Virno, Grammar of the Multitude, op cit, p 37.
 Ibid, p 63.
 An early and cogent critique of NegriÂ’s optimistic interpretation of post-Fordism was made by George Caffentzis of the Midnight Notes Collective in 1998. Caffentzis reaffirms the global operations of the "law of value" and sees little anti-capitalist potential in NegriÂ’s "socialized worker" or "cyborg." For Caffentzis, the actual anti-capitalist struggles are mainly taking place in the global South, where systemic capital sites the violent measures it develops to counteract the tendentially falling rate of profit generated by post-Fordist automation and reorganization: "New enclosures in the countryside must accompany the rise of automatic processes in industry, the computer requires the sweatshop, and the cyborgÂ’s existence is premised on the slave." Constantine George Caffentzis, "The End of Work or the Renaissance of Slavery? A Critique of Rifkin and Negri" , online at http://www.korontomedya.net/otonomi/caffentzis.html. Hardt and Negri respond to this line of criticism in Multitude: War and Democracy in the Age of Empire, Penguin, New York, 2004, pp 103-58, among other places; arguably these criticisms are taken into account in the most recent conceptual elaborations of the multitude. See also Nick Dyer-WitherfordÂ’s scrupulous discussion of these issues in "Cyber-Negri: General Intellect and Immaterial Labor," in Timothy S Murphy and Abdul-Karim Mustapha, eds, The Philosophy of Antonio Negri: Resistance in Practice, Pluto, London, 2005, especially pp 146-161.
 See for example Negri, Politics of Subversion, op cit, pp 84-85; Hardt and Negri, Empire, op cit, p 25.
 Virno, Grammar of the Multitude, op cit, pp 84-88.
 Ibid, pp 40-41, 66-71.
 Ibid, pp 69-70; see also Paolo Virno, "Virtuosity and Revolution: The Political Theory of Exodus," in Paolo Virno and Michael Hardt, eds, Radical Thought in Italy: A Potential Politics, University of Minnesota Press, Minneapolis, 1996, online at http:info.interactivist.net/.
 Virno, A Grammar of the Multitude, op cit, p 40.
 Ibid, p 41.
 Ibid, pp 40, 41.
 Ibid, p 68.
 Ibid, p 41.
 Michael Hardt and Antonio Negri, Multitude, op cit, p 350.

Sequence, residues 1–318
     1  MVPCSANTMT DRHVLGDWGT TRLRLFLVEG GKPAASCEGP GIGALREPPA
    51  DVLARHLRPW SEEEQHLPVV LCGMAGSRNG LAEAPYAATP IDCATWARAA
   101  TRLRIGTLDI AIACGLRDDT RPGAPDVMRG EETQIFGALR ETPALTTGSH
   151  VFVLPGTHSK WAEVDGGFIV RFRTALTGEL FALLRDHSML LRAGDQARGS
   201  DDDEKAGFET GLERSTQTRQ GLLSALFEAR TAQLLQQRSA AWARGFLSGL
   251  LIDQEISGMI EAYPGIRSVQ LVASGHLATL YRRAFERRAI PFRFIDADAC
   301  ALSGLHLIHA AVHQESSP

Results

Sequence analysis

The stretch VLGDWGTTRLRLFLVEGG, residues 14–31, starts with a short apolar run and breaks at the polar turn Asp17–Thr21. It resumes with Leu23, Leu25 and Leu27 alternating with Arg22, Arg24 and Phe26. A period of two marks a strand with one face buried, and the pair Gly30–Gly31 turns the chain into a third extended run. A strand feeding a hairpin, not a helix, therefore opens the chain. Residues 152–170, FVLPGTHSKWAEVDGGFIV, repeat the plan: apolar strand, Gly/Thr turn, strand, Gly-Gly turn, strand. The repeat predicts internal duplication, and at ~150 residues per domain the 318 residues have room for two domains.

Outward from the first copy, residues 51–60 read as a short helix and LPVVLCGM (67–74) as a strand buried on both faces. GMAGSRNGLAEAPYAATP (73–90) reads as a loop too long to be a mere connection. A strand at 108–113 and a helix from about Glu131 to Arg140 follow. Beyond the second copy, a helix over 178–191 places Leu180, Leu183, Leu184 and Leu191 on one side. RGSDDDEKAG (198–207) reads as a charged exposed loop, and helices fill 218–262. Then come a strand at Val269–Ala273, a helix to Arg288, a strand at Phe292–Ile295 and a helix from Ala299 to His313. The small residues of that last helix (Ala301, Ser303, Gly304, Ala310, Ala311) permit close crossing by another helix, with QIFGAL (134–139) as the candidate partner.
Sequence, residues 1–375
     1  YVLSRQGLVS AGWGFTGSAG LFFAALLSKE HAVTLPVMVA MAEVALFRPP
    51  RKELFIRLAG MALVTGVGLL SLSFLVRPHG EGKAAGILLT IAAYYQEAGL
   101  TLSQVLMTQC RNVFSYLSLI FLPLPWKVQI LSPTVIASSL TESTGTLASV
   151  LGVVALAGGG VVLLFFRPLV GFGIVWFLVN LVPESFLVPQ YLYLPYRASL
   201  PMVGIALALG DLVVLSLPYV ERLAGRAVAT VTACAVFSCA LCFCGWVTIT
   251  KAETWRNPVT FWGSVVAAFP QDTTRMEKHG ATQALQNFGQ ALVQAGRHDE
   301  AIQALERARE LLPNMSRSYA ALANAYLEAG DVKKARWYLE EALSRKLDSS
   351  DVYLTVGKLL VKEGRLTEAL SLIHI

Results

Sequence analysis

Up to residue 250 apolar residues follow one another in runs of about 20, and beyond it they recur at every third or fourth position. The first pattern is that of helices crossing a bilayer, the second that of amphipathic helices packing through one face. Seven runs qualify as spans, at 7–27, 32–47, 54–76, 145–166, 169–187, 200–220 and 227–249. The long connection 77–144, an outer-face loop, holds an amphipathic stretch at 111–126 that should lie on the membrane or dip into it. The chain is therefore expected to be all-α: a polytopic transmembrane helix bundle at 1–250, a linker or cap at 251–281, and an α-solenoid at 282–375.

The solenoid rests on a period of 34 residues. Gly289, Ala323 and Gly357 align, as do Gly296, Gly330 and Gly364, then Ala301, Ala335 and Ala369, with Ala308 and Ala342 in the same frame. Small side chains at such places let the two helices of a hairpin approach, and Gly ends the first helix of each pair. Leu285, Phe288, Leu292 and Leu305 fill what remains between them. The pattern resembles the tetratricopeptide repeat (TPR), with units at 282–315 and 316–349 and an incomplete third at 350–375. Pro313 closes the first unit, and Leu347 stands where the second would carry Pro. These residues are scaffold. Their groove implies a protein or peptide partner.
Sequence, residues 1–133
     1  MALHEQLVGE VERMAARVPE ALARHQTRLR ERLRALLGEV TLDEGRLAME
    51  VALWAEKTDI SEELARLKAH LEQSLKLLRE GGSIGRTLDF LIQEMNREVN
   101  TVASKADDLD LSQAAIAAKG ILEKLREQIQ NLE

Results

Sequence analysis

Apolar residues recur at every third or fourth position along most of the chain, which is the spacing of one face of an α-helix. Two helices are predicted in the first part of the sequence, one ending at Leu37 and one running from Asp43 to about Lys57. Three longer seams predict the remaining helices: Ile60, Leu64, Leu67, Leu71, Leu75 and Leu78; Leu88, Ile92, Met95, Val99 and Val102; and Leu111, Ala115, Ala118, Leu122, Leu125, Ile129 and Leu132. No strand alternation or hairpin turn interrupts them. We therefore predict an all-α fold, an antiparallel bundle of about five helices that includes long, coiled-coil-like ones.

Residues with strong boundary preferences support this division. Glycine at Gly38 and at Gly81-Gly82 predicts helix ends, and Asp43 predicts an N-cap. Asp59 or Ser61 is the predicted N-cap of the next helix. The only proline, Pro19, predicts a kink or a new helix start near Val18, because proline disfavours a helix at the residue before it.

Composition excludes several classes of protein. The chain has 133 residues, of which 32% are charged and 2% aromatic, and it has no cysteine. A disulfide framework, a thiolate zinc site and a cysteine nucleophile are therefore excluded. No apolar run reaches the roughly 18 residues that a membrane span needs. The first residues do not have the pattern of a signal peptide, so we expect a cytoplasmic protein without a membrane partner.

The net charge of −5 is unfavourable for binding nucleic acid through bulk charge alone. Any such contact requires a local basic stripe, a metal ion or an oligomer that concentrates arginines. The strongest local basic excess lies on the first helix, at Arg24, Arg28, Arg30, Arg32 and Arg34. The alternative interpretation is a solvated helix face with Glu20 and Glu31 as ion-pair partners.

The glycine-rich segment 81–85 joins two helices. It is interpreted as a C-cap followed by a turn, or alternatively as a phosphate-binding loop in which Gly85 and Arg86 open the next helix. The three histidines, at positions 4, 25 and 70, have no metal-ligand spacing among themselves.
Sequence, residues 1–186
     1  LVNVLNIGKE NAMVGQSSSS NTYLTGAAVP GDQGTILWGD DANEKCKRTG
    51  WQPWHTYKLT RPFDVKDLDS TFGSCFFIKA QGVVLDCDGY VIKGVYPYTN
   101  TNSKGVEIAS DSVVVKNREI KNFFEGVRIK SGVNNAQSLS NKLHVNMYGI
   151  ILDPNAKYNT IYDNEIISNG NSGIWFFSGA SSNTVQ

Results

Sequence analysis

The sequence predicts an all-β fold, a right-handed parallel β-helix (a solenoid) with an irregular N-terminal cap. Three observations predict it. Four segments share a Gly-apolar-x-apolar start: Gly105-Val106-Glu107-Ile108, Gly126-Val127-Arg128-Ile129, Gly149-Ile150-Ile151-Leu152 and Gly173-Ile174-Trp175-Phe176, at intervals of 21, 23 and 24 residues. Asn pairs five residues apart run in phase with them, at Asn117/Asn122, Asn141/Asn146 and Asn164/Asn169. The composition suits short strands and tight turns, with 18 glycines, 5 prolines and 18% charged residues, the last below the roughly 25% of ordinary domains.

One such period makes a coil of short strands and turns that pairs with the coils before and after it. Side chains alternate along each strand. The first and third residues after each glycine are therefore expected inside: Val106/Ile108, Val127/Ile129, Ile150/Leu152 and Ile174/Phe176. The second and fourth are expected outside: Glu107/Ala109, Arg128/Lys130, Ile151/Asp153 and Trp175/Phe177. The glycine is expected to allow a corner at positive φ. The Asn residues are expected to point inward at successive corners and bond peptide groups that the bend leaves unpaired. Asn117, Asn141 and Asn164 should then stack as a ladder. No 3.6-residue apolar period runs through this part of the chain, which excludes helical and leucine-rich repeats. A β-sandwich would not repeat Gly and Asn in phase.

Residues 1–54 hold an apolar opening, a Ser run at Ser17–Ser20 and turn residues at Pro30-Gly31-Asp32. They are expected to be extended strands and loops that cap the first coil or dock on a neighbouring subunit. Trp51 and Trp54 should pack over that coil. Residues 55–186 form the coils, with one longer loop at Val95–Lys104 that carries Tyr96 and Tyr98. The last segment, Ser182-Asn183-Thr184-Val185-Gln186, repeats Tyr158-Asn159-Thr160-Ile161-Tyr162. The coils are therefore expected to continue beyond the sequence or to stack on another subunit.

Virno, Grammar of the Multitude, op cit, p 99; Antonio Negri with Anne Dufourmantelle, Negri on Negri, M B DeBevoise, trans, Routledge, New York and London, 2004, pp 14-15. Accounts of Italian Autonomia in English are few and hard to come by. Of works now in print, Steve WrightÂ’s Storming Heaven: Class Composition and Struggle in Italian Autonomist Marxism, Pluto Press, London, 2002 and the essays in Murphy and Mustapha, eds, The Philosophy of Antonio Negri, op cit, are indispensable. Semiotext(e) has promised to reissue its Italy: Autonomia, Post-Political Politics, Semiotext(e), New York, 1980. See also Robert Lumley, States of Emergency: Cultures of Revolt in Italy, 1968-78, Verso, London, 1990.
 Virno, Grammar of the Multitude, op cit, pp 56-61.
 Guy Debord, The Society of the Spectacle, Donald Nicholson-Smith, trans, Zone, New York, 1995, p 22.
 Ibid, p 60. Virno makes Debord into a Spinozan here. Deleuze seems to be the mediator by which Spinoza enters Italian Autonomist thought. Gilles Deleuze, Spinoza: Practical Philosophy , Robert Hurley, trans, City Lights Books, San Francisco, 1988, pp 17-18: "We speak of consciousness and its decrees, of the will and its effects, of the thousand ways of moving the body, of dominating the body and passions - but we do not even know what a body can do." Thanks to Steven Corcoran for his help in tracking down this reference.
 Geert Lovink, Dark Fiber: Tracking Critical Internet Culture, MIT Press, Cambridge, Massachusetts, 2002.
 State surveillance of electronic communications is one direction of threat. Indications of the reality and scale of state surveillance capacities have come to light in the recent exposure of collaborations between the telecommunications industry and the US National Security Agency. The future battle now appears to be shaping up around the principle of "net neutrality." Three networks active in fighting for a free Internet are the Center for Digital Democracy, http://www.democraticmedia.org/; the Electronic Frontier Foundation, http://www.eff.org/; and the Electronic Privacy Information Center, http://www.epic.org/.
 See http://www.stopuarc.info/
 Hardt and Negri, Multitude, op cit, p xi.